The plan would also change how the fund­ing is di­rected to uni­ver­si­ties, com­mu­nity col­leges, K-12 dis­tricts and char­ters, cre­at­ing three “buck­ets” for the money to re­place the ten that cur­rently ex­ist.

Ed­u­ca­tion lead­ers have said they were happy that law­mak­ers started the ses­sion dis­cussing ed­u­ca­tion fund­ing, but that the pro­posal was “woe­fully in­ad­e­quate” in help­ing to re­store fund­ing to pre-re­ces­sion lev­els.

Spon­sor: Sen. Sylvia Allen, R-Snowflake.

Sta­tus: Passed Sen­ate Ed­u­ca­tion Com­mit­tee; await­ing a vote of the full Sen­ate.

Teacher bonuses for AP scores

HB 2176 would change a state pro­gram that awards teach­ers bonus money based on the num­ber of stu­dents in their class who pass a qual­i­fy­ing exam for col­lege credit. The pro­posal re­quires the money to go to ed­u­ca­tors who pre­vi­ously taught the stu­dent in rel­e­vant cour­ses lead­ing up to their Ad­vanced Place­ment course, not just the AP teacher.

Last year teach­ers split $3.8 mil­lion in bonuses, but some school lead­ers pointed out that the bonuses had ed­u­ca­tors clam­or­ing to teach AP cour­ses and has some teach­ers feel­ing left out. The pro­gram awards $450 to teach­ers per pass­ing score for low-in­come schools and $300 to teach­ers per pass­ing score in all other schools.

Spon­sor: Rep. Jeff Weninger, R-Chandler.

Sta­tus: Passed House Ed­u­ca­tion Com­mit­tee; await­ing a vote of the full House.

More flex­i­bil­ity for in­struct­ing English learn­ers

SB 1014 would over­haul how Ari­zona schools are re­quired to teach English lan­guage learn­ers, in­clud­ing chang­ing the much-de­bated stip­u­la­tion that ELL stu­dents be taught a min­i­mum of four hours of English lan­guage de­vel­op­ment per day to about two hours of min­i­mum in­struc­tion.

Very sim­i­lar leg­is­la­tion wound through the Leg­is­la­ture last year, but died dur­ing #RedForEd as law­mak­ers scram­bled to pass a bud­get.

The leg­is­la­tion has been cham­pi­oned by var­i­ous ed­u­ca­tion ad­vo­cacy groups, which have long said the state’s frame­work for teach­ing ELL stu­dents has proven in­ef­fec­tive. Ari­zona has one of the na­tion’s low­est grad­u­a­tion rates for stu­dents who are English lan­guage learn­ers.

A sim­i­lar bill, HB 2184, is mak­ing its way through the House.

Spon­sor: Sen. Paul Boyer, R-Phoenix. Sta­tus: Passed Sen­ate.

Ju­ve­nile de­ten­tion cen­ter ed­u­ca­tion pro­grams

SB 1104 in­creases the amount of fund­ing for ed­u­ca­tion pro­grams at county ju­ve­nile de­ten­tion cen­ters to at least $100,000 each, from $20,000. Six ru­ral coun­ties have such pro­grams, ac­cord­ing to in­for­ma­tion from the state Sen­ate.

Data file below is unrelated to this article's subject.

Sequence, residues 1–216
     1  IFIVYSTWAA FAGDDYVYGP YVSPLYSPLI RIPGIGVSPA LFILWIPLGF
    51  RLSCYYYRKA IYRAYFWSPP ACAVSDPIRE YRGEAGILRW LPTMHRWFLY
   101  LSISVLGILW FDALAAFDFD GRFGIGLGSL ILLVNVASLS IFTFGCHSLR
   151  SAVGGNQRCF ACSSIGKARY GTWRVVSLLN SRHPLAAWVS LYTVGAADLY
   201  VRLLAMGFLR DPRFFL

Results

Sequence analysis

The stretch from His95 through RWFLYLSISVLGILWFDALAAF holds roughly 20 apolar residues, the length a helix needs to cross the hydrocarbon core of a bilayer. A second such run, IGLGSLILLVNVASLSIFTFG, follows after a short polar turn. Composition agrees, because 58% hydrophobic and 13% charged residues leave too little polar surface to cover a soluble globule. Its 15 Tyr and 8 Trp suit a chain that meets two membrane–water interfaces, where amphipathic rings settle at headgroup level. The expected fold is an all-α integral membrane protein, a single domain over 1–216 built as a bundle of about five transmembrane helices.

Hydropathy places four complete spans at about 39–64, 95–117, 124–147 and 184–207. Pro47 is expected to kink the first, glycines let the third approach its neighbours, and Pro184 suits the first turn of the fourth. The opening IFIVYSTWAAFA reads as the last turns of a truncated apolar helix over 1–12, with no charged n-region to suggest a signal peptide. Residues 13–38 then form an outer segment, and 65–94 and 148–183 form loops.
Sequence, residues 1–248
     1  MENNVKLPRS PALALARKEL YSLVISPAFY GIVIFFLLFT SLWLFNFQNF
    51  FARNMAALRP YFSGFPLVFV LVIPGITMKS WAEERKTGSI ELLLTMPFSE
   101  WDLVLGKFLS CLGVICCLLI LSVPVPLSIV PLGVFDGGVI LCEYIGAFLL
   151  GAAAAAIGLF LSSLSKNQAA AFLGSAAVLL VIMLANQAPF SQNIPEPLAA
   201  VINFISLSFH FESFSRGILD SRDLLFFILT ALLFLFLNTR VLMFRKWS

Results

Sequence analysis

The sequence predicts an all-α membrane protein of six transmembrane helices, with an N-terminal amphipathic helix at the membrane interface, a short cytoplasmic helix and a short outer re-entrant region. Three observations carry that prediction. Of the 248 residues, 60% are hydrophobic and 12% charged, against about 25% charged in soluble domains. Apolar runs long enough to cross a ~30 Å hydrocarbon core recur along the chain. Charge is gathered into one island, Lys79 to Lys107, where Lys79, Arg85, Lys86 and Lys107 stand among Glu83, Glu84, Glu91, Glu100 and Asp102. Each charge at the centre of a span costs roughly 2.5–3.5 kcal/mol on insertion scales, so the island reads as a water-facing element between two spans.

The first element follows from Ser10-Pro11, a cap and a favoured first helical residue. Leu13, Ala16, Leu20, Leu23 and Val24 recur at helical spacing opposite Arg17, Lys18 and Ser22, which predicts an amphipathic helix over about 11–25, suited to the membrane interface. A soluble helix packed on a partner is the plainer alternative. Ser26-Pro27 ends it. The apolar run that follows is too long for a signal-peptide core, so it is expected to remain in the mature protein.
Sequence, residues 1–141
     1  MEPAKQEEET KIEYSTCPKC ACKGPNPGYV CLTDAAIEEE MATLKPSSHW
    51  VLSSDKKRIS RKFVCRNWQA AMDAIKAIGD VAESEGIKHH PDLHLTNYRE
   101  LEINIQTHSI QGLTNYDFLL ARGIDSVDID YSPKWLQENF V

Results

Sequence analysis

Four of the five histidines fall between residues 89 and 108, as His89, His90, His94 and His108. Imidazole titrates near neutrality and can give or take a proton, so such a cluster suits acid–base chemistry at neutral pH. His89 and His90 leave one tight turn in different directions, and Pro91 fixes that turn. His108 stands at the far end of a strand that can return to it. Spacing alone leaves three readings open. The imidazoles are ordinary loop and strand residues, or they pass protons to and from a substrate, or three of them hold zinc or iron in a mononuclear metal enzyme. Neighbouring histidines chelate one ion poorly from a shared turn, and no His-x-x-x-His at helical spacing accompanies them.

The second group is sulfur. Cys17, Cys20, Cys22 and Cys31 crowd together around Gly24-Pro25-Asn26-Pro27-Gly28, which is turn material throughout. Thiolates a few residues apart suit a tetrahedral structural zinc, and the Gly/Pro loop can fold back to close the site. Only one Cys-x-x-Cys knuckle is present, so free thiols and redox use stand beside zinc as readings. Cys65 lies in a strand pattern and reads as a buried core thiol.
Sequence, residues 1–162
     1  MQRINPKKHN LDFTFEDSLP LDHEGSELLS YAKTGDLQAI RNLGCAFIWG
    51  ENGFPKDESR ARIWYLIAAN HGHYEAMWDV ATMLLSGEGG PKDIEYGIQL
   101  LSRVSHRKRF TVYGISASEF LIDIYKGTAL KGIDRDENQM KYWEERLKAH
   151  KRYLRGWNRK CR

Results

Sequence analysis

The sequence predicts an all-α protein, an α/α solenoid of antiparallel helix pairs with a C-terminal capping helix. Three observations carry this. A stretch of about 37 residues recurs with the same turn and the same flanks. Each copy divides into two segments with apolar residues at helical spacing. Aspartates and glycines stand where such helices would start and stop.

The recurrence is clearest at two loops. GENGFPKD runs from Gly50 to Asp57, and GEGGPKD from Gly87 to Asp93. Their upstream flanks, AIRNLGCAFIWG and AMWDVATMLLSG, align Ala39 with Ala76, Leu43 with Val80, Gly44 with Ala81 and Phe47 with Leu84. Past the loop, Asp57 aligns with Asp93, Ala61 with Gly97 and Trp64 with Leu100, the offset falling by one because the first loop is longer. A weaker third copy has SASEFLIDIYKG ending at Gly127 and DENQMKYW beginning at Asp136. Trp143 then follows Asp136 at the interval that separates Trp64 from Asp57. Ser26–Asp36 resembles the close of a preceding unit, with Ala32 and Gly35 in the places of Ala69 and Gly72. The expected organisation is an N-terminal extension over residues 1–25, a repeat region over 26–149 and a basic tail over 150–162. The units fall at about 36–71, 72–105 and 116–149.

Other coun­ties pro­vide pro­grams through ex­ist­ing schools.

The pro­gram was es­tab­lished in 1994 to help im­prove ed­u­ca­tion pro­grams for in­car­cer­ated chil­dren, Me­gan Kint­ner, with the Ari­zona As­so­ci­a­tion of Coun­ties, told the Sen­ate Ed­u­ca­tion Com­mit­tee.

Danna Gal­lardo, ed­u­ca­tion di­rec­tor at the Santa Cruz County Ju­ve­nile De­ten­tion Cen­ter, told the com­mit­tee that it’s hard to an­tic­i­pate how many stu­dents she’ll have on any given day in her one­room school­house in No­gales.

“Some of my stu­dents don’t even know how to sub­tract,” she said. Adding later, “It’s quite an in­ter­est­ing feat to take care of all these kids along with all the emo­tional prob­lems they have.”

She said the bill would likely add some­one to help her with the pro­gram.

Spon­sor: Sen. Heather Carter, R-Cave Creek.

Sta­tus: Passed Sen­ate Ed­u­ca­tion Com­mit­tee; await­ing a vote of the full Sen­ate.

In­ves­ti­gat­ing teacher con­duct

SB 1020 would al­low the Ari­zona Depart­ment of Ed­u­ca­tion to share im­moral or un­pro­fes­sional con­duct in­ves­ti­ga­tion records of cer­ti­fied teach­ers with schools or school dis­tricts where the teacher has ap­plied. The records would still be con­fi­den­tial and not sub­ject to pub­lic records law.

This wouldn’t ap­ply to all teach­ers. State law does not re­quire char­ter school teach­ers to be cer­ti­fied.

The Ari­zona School Ad­min­is­tra­tors As­so­ci­a­tion and Mesa Pub­lic Schools sup­port the bill.

Spon­sor: Sen. Sylvia Allen, R-Snowflake.

Sta­tus: Passed Sen­ate; moves to the


Full-day kinder­garten sur­vey

HB 2083 would re­quire the Ari­zona Depart­ment of Ed­u­ca­tion to ask school dis­tricts and char­ter schools how many hours of kinder­garten in­struc­tion per day they pro­vide at each school, how the dis­trict or char­ter funds full-day kinder­garten, and read­ing pro­fi­ciency lev­els of chil­dren in kinder­garten, first grade and third grade.

The sur­vey would largely help the state un­der­stand whether Kinder­garten pro­grams in the state are ef­fec­tive and gauge who is of­fer­ing what. The state cur­rently doesn’t fund full-day kinder­garten.

A sim­i­lar bill, SB 1066, is mov­ing through the Sen­ate.

Spon­sor: Rep. Leo Bi­a­suicci, R-Lake Havasu City.

Sta­tus: Passed House Ed­u­ca­tion Com­mit­tee; await­ing a vote of the full Sen­ate.